In December 2014 Dr Andre Menache presented evidence in a Dutch court of justice as an expert witness in defence of five animal rights persons who released six beagles destined for animal experiments.
Based on the information that the animal rights people had, these dogs were destined for toxicity tests categorised as ‘severe’. These are experiments where some animals are expected to die before the end of the study.
The six dogs were rescued from a private property on the night between 9 and 10 April 2013 and immediately transferred to loving homes. The five people involved turned themselves in to the police the following morning and confessed their actions but did not reveal the location of the rescued dogs.
The dog rescuers were found guilty of theft and will be sentenced on 22 December. It is likely that they will receive a community service order and be required to repay the value of the the stolen beagles (around one thousand euros per dog).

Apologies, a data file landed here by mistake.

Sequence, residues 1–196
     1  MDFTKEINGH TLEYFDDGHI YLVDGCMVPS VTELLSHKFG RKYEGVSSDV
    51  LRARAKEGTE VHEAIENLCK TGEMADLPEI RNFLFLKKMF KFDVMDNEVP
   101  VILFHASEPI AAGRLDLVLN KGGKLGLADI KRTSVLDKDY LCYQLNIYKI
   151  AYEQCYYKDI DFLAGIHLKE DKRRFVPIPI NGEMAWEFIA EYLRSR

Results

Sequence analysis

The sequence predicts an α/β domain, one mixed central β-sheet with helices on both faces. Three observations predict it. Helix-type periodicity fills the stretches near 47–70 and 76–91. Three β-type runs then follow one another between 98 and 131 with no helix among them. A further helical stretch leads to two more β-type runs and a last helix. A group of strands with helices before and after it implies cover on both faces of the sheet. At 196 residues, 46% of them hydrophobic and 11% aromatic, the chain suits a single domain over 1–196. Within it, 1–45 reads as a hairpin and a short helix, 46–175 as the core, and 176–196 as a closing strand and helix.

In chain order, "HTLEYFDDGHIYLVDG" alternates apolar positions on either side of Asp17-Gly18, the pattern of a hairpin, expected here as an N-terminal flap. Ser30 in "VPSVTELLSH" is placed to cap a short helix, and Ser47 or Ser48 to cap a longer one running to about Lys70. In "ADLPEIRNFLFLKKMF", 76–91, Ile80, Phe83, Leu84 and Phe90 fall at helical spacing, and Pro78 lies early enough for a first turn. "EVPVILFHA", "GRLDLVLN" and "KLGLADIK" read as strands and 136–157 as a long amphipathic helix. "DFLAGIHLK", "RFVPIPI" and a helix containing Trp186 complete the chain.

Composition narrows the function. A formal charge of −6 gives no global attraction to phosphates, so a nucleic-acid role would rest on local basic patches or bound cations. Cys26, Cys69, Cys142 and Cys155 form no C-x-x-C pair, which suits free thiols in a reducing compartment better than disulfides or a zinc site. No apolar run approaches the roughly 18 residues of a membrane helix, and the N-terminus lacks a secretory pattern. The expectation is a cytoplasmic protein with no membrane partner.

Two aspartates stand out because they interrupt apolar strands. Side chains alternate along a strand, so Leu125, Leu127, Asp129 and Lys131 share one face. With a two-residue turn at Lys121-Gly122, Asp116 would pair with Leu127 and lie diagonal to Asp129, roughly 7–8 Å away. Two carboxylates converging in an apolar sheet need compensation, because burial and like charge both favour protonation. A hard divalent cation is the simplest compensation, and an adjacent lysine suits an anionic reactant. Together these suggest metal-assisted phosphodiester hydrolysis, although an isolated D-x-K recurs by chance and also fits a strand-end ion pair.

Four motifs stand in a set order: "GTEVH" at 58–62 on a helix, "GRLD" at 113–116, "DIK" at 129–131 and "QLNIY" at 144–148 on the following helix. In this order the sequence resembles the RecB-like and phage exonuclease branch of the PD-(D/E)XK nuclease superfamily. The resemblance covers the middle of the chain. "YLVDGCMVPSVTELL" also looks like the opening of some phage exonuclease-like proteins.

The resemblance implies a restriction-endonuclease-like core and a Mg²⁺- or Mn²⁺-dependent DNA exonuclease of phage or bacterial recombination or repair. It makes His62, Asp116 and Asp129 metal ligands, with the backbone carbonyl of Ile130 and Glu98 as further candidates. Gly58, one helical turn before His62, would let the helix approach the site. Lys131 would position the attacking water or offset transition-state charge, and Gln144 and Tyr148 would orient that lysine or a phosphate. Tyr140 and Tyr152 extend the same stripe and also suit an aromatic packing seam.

What was interesting at the trial was the fact that the judge was willing to hear a scientist speaking against animal experiments. Dr Menache’s role was to describe to the court the nature and suffering of these experiments and the fact that there are alternative ways of conducting this sort of research. Equally interesting was the fact that the public.
prosecutor, having heard statements about the feelings of dogs from the defence lawyer and some of the dog rescuers, at one point corrected herself. Instead of referring to dogs as ‘beasts’ (which is their legal definition), she corrected herself and used the term ‘animal’.
Perhaps it is about time for the law to raise the status of animals from beasts or mere property to that of sentient beings worthy of respect and the five RSPCA freedoms (with which we are familiar in the UK).